My right hon. Friend must understand that in addition to withholding the money due to us under the Land Annuities, the Irish Free State Government, since the Lana Annuities difficulty, has also withheld a number of other payments, the total amount being £5,750,000. All those moneys have not been paid, and the negotiations, at Mr. de Valera's request and not ours, were in order to discuss the whole financial situation. The difference at the moment on arbitration is that we offer arbitration with an Empire tribunal on the validity or otherwise of those agreements.
§ Mr. HANNON
Will my right hon. Friend tell the House what is the amount of the pre-Treaty claim made by the representatives of the Irish Free State arising out of the taxation of Ireland under the Act of Union?
Their claim is within the region of £400,000,000, but it is only fair to say that we not only do not accept that figure, but that, if we were going into a discussion on that basis, there would he a lot to be said on the other side.
§ Mr. MAXTON
Does the right hon. Gentleman, on the basis of the statement which he has just read, think that the result of the most recent negotiations is to be a definite widening of the breach between this country and Ireland?
I do not know; I hope not. I should say that the Irish Free State representatives, while sticking very tenaciously to their point of view, would be in very much the same position as my hon. Friend who, holding strong views, urged those views, but, after having heard the other side, though he might not admit it, knew in his heart that there was something in it.
§ Mr. DEVLIN
May I ask the right hon. Gentleman, since this claim has been received with such hilarity in the House, whether it is not based upon the statement of a. Royal Commission appointed by this country and largely constituted of British statesmen arid British, financiers that Ireland had been robbed for 120 years? Is that a historically recorded Parliamentary fact or is it not? Since the right hon. Gentleman has so largely generalised in this statement, I want him to tell me, and to tell the House, whether his declaration in regard 19 to bonds of honour and to treaty obligations is to be applied equally to Northern Ireland as well as to the Free State?
§ Mr. HERBERT WILLIAMS
Before the right hon. Gentleman replies, may I ask whether it is not the case that the Childers Commission which reported in 1893 based its report on totally fallacious statistical issues?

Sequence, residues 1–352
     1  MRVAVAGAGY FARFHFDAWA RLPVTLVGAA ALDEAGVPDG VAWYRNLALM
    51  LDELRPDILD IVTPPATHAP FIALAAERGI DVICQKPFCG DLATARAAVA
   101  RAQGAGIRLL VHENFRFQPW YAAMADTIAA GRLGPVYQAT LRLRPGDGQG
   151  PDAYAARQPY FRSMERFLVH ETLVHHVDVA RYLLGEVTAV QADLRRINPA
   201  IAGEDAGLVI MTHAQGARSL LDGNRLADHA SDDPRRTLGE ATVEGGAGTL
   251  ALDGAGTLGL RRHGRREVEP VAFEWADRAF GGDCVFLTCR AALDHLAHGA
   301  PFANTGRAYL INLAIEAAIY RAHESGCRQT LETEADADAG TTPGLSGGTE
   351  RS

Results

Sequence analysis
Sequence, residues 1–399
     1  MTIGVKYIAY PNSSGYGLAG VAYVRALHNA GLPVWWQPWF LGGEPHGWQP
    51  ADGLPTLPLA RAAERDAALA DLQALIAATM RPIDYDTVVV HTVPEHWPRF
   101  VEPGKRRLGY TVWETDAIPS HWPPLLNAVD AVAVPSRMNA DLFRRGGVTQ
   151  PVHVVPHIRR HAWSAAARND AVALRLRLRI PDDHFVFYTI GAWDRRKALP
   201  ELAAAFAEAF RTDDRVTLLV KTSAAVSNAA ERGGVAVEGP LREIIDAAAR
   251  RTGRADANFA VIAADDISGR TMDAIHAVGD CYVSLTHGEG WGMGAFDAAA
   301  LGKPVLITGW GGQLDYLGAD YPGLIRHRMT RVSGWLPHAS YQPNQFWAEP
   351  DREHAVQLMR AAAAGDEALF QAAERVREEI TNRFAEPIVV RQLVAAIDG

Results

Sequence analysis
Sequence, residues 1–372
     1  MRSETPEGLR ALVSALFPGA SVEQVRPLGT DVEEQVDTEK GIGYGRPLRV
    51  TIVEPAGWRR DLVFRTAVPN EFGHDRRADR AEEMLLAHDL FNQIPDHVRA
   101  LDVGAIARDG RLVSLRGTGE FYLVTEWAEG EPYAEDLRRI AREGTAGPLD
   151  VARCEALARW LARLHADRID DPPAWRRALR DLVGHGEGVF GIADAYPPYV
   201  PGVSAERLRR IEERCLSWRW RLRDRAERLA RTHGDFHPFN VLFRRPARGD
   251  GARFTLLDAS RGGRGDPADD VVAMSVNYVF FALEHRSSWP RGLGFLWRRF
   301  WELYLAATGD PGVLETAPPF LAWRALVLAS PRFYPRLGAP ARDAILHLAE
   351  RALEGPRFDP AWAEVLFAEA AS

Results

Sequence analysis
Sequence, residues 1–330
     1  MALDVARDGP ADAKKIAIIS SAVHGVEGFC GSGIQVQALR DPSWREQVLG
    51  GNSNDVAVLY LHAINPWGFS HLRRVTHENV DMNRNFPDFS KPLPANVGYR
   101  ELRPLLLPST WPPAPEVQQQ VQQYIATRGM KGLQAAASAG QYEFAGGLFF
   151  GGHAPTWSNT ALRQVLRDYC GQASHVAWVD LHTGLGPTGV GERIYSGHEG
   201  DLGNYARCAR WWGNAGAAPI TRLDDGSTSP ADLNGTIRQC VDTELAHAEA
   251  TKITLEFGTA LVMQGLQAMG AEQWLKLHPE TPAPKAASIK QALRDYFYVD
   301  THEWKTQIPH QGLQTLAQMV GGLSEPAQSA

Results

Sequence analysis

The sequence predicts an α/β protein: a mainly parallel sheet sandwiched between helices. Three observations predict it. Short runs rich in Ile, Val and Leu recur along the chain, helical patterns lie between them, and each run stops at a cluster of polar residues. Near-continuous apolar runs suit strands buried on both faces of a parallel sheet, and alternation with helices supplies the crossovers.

§ Mr. DEVLIN
You can ask Mr. Childers when you meet him. I put two precise questions to the right hon. Gentleman and I should like to have an answer to both.
My hon. Friend will, I hope, before the end of the week be able to see—they are to be published in the form of a White Paper—the exact claim and the grounds of the claim made by the Irish Free State and ourselves. By agreement on both sides, those documents will he published at the end of the week and will appear in the form of a White Paper.
§ Mr. DEVLIN
On a point of Order. The right hon. Gentleman dilated at length upon a bond of honour and upon the observance of obligations in a Treaty. If he is dealing with Ireland, I take it that the same moral principles apply to one part of the country as well as to the other, and I put the question to him whether those obligations must be borne by both parts—
§ Mr. DEVLIN
Mr. Speaker, with all respect., may I say that, when a Minister makes a declaration that the Free State must observe its obligations and fulfil its Treaty arrangements, I want to know whether this House is to demand that, equally, the other part of Ireland should 20 observe its obligations, because you are responsible to the same extent in dealing with it?
§ Mr. BUCHANAN
Have the Government discussed any other steps, or are they contemplating taking any other steps, than the imposition of the duties against the Free State? Further, was anything raised during the discussions by either side regarding the establishment of a Republic in Free State Ireland?
With regard to the first part of the question, the feeling and determination of His Majesty's Government is that we will take any step we feel necessary to give to the British people what we believe the British people are entitled to. With regard to the other part of the question, during the two days' discussion, obviously, there were issues raised apart from financial issues. All I would say upon that is that Mr. de Valera was quite consistent in maintaining, honestly and sincerely, what he believes to be the only real and permanent solution of Irish difficulties, namely, a united Irish Republic, with some sort of connection—I have never been able to define the sort—with the British Commonwealth.
§ Mr. DEVLIN
On a point of Order. This is a rather serious matter. Am I to understand your Ruling to be that we cannot discuss Northern Ireland in its relationship to the British Empire? It will be within the knowledge of a small section of this House, perhaps the only section that knows anything about Ireland, that this Parliament controls two-thirds of the revenue of Northern Ireland, that Northern Ireland has representation in this House; and, if Treaty obligations and honourable arrangements are not to be observed in Northern Ireland, am I to understand that it will not be within the power of a Member of this House to discuss it? It is your Ruling that I want on that point.
§ Mr. SPEAKER
I gave no such Ruling. All I said was that the hon. Member must raise the point on the proper occasion, not on an occasion which specifically raises the question of Southern Ireland.